“Do you have other means of internet access in your home besides your smart phone?”
The answer to that question could potentially give you insight into your potential juror’s life and their access to information that other questions cannot.
Pew Internet Research. 2015. US Smartphone use in 2015.
Recently we blogged about an emerging demographic subgroup: the lumbersexual. After reading the flurry of mainstream media articles about this group, here is how we described them:
“As far as we can tell, the lumbersexual is an urban male (typically White and heterosexual) who dresses like a lumberjack even though he is far from a lumberjack. While it is a recognizable fashion statement, there are (as yet) no attitudes, values and beliefs attributed to the lumbersexual. While there is a sense that these are men trying to look “like real men” according to a hyper masculine definition—there is no evidence that their attitudes, values and beliefs would line up with what we think of as stereotypically masculine.”
This was an emerging demographic subgroup observed in society fashion pages and written up in the mass media. We wondered if there would be research emerging to tell us more about the lumbersexual as a group. Are they conservative like the “real men” they emulate in dress or are they hipsters in search of a new look? We did not have to wonder long because, just like that, the academics weighed in with a refinement of the emerging stereotype.
You may notice that the male illustrating this post looks less like a nerd wearing lumberjack clothes and more like a male model with a colorful tattoo sleeve and an untrimmed beard. That is no mistake. The researchers we write about today see the beard and the tattoo (along with any existing piercings) as a way the male decorates himself to be more attractive to potential sexual partners. Yes, these researchers would be of the evolutionary psychology persuasion.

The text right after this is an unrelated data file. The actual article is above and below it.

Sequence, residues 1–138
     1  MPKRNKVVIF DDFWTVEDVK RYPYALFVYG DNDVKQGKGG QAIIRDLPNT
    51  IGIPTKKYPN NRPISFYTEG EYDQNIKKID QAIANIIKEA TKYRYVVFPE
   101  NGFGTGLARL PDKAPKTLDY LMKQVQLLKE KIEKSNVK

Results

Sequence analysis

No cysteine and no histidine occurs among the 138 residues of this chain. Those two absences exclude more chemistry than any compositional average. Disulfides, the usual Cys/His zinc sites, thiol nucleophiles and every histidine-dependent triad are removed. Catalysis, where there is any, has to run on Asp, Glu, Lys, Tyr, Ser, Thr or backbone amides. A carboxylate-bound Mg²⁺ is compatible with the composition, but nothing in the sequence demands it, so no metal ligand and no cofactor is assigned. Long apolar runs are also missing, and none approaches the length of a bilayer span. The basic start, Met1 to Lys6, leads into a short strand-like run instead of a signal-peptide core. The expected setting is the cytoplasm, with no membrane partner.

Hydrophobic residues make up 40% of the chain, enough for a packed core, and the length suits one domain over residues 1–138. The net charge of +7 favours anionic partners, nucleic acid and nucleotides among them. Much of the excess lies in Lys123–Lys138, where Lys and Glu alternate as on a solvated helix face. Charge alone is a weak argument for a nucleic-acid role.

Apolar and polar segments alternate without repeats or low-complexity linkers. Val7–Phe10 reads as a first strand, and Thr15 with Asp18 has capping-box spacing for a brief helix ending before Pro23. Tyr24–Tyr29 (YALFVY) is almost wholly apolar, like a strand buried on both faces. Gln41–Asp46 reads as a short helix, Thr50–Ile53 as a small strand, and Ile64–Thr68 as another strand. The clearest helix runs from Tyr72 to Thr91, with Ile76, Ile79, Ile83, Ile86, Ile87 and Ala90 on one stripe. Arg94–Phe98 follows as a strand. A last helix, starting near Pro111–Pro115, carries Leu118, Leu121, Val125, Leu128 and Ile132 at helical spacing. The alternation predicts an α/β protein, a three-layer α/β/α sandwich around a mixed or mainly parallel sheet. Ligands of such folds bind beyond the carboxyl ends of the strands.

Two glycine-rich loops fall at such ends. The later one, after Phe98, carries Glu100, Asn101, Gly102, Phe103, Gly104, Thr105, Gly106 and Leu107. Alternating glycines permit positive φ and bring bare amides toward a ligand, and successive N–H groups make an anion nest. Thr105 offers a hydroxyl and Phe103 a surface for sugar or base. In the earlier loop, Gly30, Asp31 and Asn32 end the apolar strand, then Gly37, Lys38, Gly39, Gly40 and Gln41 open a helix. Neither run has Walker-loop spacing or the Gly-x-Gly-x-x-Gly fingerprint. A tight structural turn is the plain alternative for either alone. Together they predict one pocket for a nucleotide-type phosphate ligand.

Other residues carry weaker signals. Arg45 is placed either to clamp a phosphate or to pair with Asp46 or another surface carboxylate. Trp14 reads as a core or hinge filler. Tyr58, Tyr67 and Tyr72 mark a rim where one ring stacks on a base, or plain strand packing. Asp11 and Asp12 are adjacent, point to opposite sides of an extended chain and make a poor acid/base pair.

The researchers look at coloration and various “ornamentation” (think orange butts, big brightly colored noses, the beards of howler monkeys, and so on) and related sexual prowess in monkeys of various sorts and then apply their thoughts to human males who decorate themselves with beards and tattoos because, well, it just makes perfect sense to the evolutionary psychologist to make this (gigantic) cognitive leap.
They cite research showing that human males with beards, for example, receive higher ratings of aggressiveness, age and masculinity, but not attractiveness compared with non-bearded men. This means, say the researchers, that other men are cowed by the physical superiority of the bearded man and so they step back which leaves the bearded (and perhaps tattooed and pierced) man more access to the partner of their choice. They also attribute the same level of success to the bald man since baldness is a sign of increased testosterone and thus intimidates other men.
We actually wrote about how bald men cannot help but exude authority, confidence, power, and masculinity back in 2012. [If that sounds crazy, read the post!]
From a litigation advocacy perspective, these researchers would probably say that the bearded (and otherwise adorned male) human would be more of a leader than the non-bearded male human—their rationale would be that from physical observation the bearded male would be seen as more masculine and powerful. They would likely hold the same view of the man with the bald head (or shaved head).